"Twitter's most important customers are likely reporters who take the tweets and use them to find stories, giving people who are active on the service the sense that they better informed and more deeply engaged with events," Enderle said. "It would be incredibly easy to break this; in fact, some of the handling of trolls and bullying has been pretty poor to date weakening the service substantially.

"If you overlay Salesforce corporate policy, this damage could dramatically increase and potentially destroy the service. Keeping this at arm's length and properly staffed will likely be critical to the success of this offering, and given how different it is than Salesforce, possibly a bridge too far for the firm."

Silicon Valley in general is a well-connected community, and Twitter and Salesforce already have some inside connections. For example, Salesforce recently acquired productivity-software maker Quip for $582 million. Quip was co-founded by Bret Taylor, a former Facebook executive and Twitter's newest board member. Taylor will report directly to Benioff in his new role at Facebook.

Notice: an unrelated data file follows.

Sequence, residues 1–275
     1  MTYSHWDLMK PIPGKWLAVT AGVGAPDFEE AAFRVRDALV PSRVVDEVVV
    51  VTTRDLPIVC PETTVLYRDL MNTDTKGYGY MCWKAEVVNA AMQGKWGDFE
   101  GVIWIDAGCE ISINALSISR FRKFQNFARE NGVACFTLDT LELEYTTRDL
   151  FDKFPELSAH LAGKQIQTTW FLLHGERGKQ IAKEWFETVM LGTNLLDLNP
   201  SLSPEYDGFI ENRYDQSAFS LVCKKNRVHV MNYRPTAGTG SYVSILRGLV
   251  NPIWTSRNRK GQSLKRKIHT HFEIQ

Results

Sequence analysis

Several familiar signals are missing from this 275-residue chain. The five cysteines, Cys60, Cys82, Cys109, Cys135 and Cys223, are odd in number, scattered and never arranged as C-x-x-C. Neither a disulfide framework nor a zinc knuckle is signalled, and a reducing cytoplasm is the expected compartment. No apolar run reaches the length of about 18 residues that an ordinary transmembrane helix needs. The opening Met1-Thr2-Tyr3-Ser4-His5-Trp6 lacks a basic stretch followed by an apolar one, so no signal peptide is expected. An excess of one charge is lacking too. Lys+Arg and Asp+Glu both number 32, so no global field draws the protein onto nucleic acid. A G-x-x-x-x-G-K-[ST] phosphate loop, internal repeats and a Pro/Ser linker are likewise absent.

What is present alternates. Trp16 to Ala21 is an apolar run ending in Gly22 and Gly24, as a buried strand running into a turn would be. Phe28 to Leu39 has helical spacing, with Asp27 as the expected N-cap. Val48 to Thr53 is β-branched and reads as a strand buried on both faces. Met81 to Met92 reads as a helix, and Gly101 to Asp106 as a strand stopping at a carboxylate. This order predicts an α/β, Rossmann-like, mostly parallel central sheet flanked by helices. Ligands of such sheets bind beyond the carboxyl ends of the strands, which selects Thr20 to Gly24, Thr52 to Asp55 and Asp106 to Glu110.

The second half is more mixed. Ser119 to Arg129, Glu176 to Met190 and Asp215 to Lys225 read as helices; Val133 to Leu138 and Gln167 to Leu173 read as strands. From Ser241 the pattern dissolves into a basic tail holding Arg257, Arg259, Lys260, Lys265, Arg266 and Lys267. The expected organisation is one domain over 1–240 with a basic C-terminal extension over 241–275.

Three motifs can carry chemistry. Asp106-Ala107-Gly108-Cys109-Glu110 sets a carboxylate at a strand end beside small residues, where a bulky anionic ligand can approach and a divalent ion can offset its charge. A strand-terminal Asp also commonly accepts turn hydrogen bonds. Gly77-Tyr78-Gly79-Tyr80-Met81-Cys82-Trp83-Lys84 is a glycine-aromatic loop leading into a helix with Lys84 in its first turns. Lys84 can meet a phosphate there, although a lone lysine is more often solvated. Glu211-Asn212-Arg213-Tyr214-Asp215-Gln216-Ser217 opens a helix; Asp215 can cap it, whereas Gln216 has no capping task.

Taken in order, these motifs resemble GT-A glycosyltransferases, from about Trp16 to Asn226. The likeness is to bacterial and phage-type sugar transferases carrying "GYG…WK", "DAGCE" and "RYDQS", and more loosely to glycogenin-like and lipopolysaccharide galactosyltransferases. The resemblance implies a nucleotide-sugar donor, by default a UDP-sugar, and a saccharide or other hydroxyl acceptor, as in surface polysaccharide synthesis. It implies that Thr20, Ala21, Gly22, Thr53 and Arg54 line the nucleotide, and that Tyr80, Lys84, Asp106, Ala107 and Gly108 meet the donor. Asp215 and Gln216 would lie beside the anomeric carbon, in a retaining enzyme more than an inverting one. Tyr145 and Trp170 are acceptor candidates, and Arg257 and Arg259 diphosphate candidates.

Salesforce also runs a partnership with Twitter to feed social-media data into Salesforce's analytics systems to give its customers insights on things such as how their customers are talking about their products and brands.

That 4-year-old deal provides Salesforce access to the full number of public tweets on Twitter, giving Salesforce insight into the value of that information for its products.

Editor's note: This story has been updated to clarify the financial performance of

Chris Preimesberger

Chris J. Preimesberger

Chris J. Preimesberger is Editor-in-Chief of eWEEK and responsible for all the publication's coverage. In his 15 years and more than 4,000 articles at eWEEK, he has distinguished himself in reporting...